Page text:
The EFM Feature

Reader Keith made a great point via e-mail about some of the recent garbage clouding the presidential race:

I think all of this shows that liberals (within the GOP and without) see Mitt as the genuine conservative threat in the race. If they thought he still believed the stuff he said in 1994 they would be the ones trying to hush it up.

I would just add that–as we have said previously–most of Governor Romney’s 1994 platform was quite good. Sure, he’s shifted on abortion. And as for gay rights, I think reader Ryan argues pretty persuasively that the ground around Governor Romney has shifted more than he has:

Romney has always been opposed to discrimination against gays in hiring, in the military, in terms of hospital visitation rights, and more. He still is. He’s always been opposed to gay marriage. He still is. Where’s the flip-flop?
In reality, the only thing that has changed is the political realm’s area of focus. Gay rights in 1994 used to be about the former issues, but almost everyone’s on board with those issues now. In 2007, gay rights is all about gay marriage. (Of course this change of focus now makes Romney sound more opposed to gay rights because gay marriage the one gay right he has always opposed that is now on center stage.)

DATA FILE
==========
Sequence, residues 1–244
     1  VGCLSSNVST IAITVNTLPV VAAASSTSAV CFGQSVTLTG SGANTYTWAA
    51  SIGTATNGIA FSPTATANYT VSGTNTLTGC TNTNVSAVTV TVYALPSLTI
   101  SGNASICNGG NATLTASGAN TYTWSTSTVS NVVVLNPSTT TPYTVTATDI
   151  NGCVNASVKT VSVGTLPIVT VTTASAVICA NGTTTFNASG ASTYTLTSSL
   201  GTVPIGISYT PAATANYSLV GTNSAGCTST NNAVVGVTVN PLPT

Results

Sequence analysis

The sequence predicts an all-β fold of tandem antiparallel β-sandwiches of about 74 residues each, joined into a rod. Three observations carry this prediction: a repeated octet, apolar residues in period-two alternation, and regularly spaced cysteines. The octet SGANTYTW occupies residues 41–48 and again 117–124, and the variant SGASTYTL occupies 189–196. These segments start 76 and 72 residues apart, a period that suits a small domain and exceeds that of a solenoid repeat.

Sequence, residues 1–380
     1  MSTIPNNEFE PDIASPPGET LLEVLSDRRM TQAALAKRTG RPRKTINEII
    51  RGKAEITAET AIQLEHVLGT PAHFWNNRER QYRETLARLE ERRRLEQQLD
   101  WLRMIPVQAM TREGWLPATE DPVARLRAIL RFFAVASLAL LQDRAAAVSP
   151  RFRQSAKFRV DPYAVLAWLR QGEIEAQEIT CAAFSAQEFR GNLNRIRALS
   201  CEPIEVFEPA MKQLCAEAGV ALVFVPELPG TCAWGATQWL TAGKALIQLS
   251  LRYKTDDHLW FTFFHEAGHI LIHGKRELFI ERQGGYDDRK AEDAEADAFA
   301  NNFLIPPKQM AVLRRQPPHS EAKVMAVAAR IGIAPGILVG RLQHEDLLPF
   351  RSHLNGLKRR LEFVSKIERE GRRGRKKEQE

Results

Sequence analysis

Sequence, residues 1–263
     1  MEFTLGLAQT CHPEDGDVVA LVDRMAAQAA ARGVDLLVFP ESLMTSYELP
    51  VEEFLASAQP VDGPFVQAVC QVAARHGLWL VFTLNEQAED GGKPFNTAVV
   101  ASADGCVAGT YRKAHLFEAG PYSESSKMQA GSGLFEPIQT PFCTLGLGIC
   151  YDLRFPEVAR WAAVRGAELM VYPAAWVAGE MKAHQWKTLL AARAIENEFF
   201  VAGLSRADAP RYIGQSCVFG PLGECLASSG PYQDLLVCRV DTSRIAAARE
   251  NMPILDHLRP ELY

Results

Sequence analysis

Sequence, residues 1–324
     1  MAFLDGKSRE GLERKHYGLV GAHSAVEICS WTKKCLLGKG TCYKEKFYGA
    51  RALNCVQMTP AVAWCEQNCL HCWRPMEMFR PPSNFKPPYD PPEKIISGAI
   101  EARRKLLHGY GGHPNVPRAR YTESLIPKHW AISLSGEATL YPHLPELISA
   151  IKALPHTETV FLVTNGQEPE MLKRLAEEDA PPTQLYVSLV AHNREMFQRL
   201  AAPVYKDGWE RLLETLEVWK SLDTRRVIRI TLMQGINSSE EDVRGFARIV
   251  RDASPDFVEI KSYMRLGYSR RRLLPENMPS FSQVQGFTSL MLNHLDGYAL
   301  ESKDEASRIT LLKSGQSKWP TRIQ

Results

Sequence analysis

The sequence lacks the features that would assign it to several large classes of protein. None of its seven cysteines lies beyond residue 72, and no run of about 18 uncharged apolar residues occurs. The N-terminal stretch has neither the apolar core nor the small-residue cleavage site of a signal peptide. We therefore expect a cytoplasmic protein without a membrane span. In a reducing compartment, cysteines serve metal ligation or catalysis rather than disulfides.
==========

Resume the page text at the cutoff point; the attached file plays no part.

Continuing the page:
In light of the above, it is not surprising that Romney in 1994 supported ENDA for gays (Employment Non-Discrimation Act). He now opposes it because of (among other reasons) the flood of litigation it would create. (Isn’t this his only gay rights “flip-flop?”) I suspect Romney’s “change of heart” on ENDA was due mainly to his experience (or battle) with activist judges during his time as Governor. I suspect the activist judges gave him a whole new perspective on ENDA wherein he probably concluded that his continued support for ENDA would eventually undermine his opposition to gay marriage.
In my opinion, this isn’t a flip-flop at all when all factors are considered.

About Charles Mitchell

EFM's resident Yankee, Charles Mitchell, works in the non-profit arena in his native Pennsylvania. He and his wife, Charissa, live near the state capital of Harrisburg with their daughter, Adeline, and are members of a congregation of the Presbyterian Church in America.

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